This title has:

Great messages
Great role models
1 person found this helpful.
age 16+

Honest review from the biggest Trekkie: Bad lessons about women for modern kids

This isn't an easy review to write. I am a long time trekkie - since the age of five - and the original is my greatest love. But this show just isn't for modern kids. Star Trek may have been progressive for the 60's but it wreaks of Mad Men era politics today. Nearly every single episode has a slight against women who come in four flavors: damsels, secretaries, vamps, and traitors. Main characters say things like "women are biologically more prone to fear" (Wolf in the Fold) and "female service members always leave to start a family" (Who Mourns for Adonais). One episode features a female crew member falling in love with a bad guy, being abused by him, and betraying the crew for him (Space Seed). Another features a female robot described as a "geisha" who kisses men on command (What are Little Girls Made Of). Most of the outfits women wear are scant to nonexistent. At one point one of the more prominent women on the main cast (the captain's secretary) asks the captain why he never looks at her legs (Miri). One professional woman is actually sexually harassed by the entirety of the male cast (Is There in Truth No Beauty). One of the first episodes features three prostitutes who use a drug to make themselved prettier and marry lonely miners under false pretenses (Mudd's Women). And on, and on, and on. It really is a nightmare at times. And it's a shame because much of the messaging on war and conflict at as relevant today as 50 years ago. The action is always exciting. The chemistry between the three leads is legendary. It is the only sci-fi franchise that is optimistic about the future. But, gosh darn it, it comes at such a cost. While TNG has it's faults it is a better show from an egalitarian standpoint. Start your kids on that one.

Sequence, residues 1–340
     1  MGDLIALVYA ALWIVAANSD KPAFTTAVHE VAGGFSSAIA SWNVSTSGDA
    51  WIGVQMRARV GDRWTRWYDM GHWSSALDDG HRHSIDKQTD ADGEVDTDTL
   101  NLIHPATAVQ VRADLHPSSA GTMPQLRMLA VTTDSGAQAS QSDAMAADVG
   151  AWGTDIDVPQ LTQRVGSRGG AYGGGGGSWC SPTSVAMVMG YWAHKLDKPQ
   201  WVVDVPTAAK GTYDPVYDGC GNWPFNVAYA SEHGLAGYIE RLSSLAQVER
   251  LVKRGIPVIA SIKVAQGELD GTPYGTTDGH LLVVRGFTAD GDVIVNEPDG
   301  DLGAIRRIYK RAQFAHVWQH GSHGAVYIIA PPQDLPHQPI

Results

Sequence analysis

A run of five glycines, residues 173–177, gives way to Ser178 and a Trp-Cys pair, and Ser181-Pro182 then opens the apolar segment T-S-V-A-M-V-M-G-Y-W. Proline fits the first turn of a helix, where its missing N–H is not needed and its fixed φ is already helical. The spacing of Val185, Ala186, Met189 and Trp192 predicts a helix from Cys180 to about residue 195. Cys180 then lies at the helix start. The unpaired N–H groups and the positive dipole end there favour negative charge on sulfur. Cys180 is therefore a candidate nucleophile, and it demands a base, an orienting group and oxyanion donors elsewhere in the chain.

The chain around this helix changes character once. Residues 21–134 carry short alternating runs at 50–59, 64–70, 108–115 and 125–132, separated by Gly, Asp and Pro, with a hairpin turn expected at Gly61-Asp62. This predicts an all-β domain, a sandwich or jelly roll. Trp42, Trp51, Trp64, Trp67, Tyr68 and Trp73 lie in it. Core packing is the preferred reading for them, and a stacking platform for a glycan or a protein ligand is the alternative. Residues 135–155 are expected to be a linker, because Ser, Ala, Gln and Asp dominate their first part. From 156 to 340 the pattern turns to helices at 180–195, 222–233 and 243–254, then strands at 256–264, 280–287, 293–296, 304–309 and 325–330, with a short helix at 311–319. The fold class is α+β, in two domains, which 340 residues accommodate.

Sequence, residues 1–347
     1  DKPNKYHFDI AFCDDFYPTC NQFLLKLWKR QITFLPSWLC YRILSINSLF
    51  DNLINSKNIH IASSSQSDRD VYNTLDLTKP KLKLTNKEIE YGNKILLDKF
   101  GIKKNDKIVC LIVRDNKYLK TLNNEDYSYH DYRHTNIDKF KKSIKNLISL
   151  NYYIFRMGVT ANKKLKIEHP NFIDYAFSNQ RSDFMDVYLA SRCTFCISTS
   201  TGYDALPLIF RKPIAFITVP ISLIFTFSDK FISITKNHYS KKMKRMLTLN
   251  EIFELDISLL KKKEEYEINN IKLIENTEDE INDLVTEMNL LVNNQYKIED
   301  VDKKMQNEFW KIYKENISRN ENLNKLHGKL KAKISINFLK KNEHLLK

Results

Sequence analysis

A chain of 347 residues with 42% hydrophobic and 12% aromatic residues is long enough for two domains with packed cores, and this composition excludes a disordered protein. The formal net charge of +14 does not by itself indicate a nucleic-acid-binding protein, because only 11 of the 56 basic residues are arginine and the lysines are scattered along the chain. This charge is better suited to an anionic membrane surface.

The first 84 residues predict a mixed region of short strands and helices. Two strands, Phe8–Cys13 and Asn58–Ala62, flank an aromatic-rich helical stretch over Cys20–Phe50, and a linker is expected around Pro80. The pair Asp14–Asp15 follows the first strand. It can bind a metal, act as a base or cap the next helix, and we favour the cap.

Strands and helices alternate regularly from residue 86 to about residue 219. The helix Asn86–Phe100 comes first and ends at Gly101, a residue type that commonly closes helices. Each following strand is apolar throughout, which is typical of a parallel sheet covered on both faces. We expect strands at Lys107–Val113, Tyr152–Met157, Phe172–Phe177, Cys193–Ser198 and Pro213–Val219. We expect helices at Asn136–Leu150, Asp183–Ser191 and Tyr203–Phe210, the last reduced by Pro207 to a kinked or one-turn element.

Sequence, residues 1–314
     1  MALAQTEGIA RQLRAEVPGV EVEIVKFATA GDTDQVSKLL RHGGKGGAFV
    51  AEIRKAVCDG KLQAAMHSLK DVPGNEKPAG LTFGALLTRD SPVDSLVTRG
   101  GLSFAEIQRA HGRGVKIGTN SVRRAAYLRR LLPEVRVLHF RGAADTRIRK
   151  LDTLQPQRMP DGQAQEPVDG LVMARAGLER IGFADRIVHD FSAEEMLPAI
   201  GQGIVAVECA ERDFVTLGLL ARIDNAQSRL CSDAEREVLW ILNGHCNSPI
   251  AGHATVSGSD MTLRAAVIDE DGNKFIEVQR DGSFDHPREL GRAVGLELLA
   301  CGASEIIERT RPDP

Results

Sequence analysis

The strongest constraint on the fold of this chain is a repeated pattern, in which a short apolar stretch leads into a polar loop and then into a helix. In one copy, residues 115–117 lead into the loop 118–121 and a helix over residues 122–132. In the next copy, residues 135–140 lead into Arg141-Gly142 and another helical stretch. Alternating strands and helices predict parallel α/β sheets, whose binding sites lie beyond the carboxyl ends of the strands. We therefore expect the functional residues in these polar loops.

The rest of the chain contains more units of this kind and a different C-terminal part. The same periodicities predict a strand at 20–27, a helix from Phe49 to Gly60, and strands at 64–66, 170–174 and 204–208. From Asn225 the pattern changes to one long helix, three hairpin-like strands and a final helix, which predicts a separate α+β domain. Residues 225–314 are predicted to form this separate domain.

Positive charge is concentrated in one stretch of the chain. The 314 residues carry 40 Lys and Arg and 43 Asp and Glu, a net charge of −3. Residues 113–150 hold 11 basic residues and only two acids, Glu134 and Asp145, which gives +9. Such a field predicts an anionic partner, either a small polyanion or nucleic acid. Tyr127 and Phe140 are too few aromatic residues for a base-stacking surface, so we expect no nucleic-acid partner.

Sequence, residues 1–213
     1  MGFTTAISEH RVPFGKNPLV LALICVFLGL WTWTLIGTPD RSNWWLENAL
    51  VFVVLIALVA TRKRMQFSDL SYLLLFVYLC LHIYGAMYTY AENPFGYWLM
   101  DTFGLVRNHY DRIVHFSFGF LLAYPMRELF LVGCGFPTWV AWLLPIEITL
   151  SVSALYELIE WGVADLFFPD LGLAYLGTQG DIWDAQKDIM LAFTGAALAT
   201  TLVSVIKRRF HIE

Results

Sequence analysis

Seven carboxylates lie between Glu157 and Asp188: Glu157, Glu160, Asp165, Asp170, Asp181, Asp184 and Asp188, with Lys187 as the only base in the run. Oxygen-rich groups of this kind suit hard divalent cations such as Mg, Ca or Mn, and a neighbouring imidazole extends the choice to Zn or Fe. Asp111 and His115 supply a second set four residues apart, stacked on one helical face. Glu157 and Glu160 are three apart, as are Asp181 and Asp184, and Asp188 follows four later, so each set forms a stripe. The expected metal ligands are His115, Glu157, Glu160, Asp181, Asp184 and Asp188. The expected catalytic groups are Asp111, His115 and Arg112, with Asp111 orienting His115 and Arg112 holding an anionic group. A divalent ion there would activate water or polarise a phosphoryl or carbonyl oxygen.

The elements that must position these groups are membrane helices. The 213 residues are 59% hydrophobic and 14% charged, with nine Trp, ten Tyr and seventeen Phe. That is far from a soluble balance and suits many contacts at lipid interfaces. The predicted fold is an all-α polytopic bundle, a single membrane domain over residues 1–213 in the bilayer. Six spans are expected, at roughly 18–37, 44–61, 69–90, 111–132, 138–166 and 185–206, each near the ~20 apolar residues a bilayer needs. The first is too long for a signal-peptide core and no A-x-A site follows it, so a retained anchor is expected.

This title has:

Too much sex
1 person found this helpful.

Is It Any Good?

Our review:
Parents say (12):
Kids say (29):

Forty years after it's premiere, this series still succeeds in syndication because its messages about racism, sexism, politics, and respecting differences really are timeless, even if the special effects aren't. (Though the early episodes are being remastered and enhanced with more up-to-date effects and imagery). In their 80 episodes, the Star Trek: The Original Series crew encountered deadly diseases, alien races, time warps, beautiful women in skin-tight outfits, and furry creatures called Tribbles. Kirk was put on trial for crimes against humanity, split into two alter-egos (good and evil), and cloned into an android. But at the core of the show is the idea that humans are complex creatures, and dilemmas often have no right or wrong answer.

TV Details